In the event that your spouse has sprung a divorce announcement on you, it is not uncommon to feel unprepared and overwhelmed, especially if you are unsure about how to pay attorneys fees. If you are in this unfortunate situation, it is in your best interest to give our legal team a call today. Our Bergen County divorce attorneys have the knowledge and experience required to ensure that your divorce process runs as smoothly as possible.
Can my spouse pay my divorce attorney fees?
In the event that you are the lower-earning spouse, or you are the spouse that took on the role of being a stay-at-home parent to your children, a divorce can result in a huge amount of financial stress and uncertainty. In an ideal world, spouses are able to quickly come to agreements on access to marital money and alimony, and other support.
With the majority of divorces, financial circumstances are the root of most disagreements and serious conflict. This is because there may be instances where the spouse who wants out of the marriage may “cut off” the other spouse from entry to bank accounts or freezes credit cards or refuses to pay for any living expenses. In other situations, financial abuse may have happened for years within the marriage.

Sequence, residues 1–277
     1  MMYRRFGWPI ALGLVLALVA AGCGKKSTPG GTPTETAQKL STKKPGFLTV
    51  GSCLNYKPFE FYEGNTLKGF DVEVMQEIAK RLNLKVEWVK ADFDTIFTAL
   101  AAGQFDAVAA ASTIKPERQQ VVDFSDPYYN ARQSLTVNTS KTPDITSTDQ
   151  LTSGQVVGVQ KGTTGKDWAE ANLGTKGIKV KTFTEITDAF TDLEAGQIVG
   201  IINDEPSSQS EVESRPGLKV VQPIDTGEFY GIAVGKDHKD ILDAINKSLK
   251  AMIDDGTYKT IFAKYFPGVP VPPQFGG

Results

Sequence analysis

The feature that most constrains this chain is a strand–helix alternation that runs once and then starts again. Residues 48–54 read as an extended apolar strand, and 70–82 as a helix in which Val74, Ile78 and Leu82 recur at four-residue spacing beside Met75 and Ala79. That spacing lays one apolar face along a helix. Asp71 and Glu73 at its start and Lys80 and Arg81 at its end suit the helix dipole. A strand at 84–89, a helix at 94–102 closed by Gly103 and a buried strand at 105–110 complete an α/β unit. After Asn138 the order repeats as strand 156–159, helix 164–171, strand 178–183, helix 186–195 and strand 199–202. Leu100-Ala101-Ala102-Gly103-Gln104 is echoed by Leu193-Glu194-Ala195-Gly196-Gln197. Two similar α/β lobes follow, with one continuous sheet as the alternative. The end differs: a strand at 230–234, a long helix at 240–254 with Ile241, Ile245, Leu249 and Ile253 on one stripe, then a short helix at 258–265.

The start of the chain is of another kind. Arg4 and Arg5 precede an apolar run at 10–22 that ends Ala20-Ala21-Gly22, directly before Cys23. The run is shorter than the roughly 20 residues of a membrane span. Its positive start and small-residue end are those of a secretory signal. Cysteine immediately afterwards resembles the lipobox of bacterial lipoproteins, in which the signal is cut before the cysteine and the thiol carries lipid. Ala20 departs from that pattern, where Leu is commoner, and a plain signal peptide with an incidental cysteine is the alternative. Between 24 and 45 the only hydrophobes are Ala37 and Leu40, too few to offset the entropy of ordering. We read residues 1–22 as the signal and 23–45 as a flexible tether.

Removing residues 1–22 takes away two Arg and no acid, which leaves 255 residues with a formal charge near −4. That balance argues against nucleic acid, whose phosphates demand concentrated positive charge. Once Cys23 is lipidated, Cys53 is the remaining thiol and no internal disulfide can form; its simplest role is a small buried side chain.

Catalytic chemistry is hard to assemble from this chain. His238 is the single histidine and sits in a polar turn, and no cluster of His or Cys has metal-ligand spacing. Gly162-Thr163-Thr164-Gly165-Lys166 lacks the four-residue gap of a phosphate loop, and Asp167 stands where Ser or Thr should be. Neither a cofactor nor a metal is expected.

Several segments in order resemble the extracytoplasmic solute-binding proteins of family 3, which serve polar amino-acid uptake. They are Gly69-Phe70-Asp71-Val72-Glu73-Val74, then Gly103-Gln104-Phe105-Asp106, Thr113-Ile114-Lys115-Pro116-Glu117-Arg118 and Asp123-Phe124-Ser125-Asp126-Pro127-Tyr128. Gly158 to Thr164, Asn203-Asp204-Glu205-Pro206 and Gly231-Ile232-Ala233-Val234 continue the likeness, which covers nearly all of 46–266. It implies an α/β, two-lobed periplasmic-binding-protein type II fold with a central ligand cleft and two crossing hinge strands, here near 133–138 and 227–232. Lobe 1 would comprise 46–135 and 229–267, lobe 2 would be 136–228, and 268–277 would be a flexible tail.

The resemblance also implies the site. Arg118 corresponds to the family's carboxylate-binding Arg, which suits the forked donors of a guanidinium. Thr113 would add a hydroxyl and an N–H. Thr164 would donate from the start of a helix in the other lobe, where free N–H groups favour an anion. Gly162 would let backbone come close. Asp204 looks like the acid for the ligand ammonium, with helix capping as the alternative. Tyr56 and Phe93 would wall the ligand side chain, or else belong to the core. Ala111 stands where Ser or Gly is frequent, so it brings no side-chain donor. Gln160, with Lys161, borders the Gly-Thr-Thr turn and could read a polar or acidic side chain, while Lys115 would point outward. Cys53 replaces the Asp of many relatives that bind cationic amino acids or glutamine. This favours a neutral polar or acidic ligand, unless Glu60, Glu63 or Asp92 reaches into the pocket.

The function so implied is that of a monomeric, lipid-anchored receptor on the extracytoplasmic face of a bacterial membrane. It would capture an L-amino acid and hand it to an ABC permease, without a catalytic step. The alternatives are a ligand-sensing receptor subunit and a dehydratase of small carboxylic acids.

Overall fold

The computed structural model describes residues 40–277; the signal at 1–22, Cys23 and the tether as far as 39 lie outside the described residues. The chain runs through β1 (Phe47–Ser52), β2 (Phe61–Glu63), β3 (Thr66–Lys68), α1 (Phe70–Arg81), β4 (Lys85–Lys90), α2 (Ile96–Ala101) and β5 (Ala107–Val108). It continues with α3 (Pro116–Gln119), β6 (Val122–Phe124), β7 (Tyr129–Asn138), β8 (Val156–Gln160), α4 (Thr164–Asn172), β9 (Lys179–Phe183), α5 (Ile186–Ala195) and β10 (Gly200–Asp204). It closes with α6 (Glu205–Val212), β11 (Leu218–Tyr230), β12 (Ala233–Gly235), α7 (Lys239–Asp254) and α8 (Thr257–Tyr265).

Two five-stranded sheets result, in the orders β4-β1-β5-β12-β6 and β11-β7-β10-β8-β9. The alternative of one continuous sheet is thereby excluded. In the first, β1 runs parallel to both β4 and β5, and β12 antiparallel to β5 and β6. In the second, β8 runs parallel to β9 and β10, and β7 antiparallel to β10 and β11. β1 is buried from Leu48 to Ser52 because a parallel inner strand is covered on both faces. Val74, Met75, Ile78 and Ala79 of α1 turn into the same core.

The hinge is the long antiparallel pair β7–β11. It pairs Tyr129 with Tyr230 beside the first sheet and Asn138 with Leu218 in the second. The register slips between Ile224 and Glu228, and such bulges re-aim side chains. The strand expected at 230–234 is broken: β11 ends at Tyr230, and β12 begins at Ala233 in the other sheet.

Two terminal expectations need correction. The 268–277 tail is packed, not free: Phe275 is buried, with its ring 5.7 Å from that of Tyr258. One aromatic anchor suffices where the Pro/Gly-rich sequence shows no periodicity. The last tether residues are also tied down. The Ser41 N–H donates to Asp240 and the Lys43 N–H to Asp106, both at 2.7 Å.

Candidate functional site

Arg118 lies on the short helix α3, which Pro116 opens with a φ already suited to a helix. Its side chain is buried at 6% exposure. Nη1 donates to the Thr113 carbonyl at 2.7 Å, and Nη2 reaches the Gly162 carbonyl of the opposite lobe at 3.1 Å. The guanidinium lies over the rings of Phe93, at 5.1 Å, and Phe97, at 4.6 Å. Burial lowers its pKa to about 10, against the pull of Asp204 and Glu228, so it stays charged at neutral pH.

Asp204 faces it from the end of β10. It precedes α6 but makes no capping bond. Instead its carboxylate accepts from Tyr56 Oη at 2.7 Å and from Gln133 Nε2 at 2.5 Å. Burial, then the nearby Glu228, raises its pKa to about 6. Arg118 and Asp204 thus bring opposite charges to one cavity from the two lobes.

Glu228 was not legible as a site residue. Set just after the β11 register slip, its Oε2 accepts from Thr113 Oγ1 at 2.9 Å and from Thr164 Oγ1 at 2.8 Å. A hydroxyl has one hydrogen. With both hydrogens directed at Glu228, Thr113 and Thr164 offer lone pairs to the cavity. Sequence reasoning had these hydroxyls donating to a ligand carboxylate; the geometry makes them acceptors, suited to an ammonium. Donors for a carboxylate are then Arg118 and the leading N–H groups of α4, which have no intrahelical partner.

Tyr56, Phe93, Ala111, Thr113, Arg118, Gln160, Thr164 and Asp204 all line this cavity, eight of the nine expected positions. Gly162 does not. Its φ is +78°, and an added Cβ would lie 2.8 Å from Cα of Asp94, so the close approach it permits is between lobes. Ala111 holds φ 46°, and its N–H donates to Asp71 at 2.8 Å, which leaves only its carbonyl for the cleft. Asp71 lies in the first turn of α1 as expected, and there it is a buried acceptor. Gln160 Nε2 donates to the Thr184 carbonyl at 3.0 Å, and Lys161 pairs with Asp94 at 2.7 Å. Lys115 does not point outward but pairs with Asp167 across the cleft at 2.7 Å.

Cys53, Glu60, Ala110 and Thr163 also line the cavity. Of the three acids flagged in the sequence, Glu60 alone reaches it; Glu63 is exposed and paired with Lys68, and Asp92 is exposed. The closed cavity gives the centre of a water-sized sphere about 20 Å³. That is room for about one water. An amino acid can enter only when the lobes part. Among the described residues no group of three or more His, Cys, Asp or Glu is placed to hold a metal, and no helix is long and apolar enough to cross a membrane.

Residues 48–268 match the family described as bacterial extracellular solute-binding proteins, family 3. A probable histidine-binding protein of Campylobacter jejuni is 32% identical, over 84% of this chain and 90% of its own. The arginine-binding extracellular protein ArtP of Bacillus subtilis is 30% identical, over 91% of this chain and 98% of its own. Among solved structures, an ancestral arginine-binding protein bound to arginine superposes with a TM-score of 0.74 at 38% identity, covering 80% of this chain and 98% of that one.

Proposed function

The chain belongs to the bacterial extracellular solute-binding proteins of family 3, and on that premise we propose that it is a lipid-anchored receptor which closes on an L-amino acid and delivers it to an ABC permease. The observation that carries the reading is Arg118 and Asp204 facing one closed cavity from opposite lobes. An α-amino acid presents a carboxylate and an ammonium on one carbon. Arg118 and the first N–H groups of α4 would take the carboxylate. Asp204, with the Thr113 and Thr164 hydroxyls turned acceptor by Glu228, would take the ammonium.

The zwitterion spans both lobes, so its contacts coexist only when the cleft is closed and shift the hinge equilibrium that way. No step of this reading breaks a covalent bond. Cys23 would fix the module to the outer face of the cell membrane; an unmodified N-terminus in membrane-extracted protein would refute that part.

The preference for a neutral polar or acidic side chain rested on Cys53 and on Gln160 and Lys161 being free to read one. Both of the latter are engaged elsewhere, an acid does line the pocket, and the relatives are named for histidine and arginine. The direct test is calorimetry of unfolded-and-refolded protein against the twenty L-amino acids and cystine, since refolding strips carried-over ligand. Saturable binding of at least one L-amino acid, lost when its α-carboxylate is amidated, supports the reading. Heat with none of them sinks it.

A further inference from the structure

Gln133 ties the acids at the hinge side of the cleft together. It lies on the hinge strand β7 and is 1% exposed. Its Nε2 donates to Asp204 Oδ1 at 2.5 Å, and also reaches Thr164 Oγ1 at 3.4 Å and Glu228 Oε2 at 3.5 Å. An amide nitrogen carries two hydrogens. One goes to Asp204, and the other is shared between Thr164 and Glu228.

The absence of financial access and/or support not only forces disadvantaged spouses to struggle to pay for basic needs but also, once the divorce process commences, retaining the services of a divorce attorney can feel completely unattainable.
There are a number of important elements to understand about New Jersey statute N.J.S.A. 2A: 34-23. This area of New Jersey’s Alimony Reform law summarizes the power of the courts to order one spouse to pay the other spouse’s retainer and fees for expert and legal services “when the respective financial circumstances of the parties make the award reasonable and just.”
The courts review a number of key factors to make a decision on whether to award attorneys fees and if so, how much to provide. These factors include the following:
- The finances of each spouse;
- The amount of the fees requesting to be covered;
- Reasonableness of the positions of the parties;
- Ability to pay for the fees; and
- Any previous awards of attorney fees.
For instance, if one spouse is the head doctor at a large hospital and the other spouse has stayed home to raise the couple’s special needs child and has zero outside income, it may be reasonable to the courts to have the high-earning spouse pay some or all of the at-home spouse’s attorney fees. By doing this, the courts essentially help balance both parties and prevent economic status from deciding the outcome of the issue.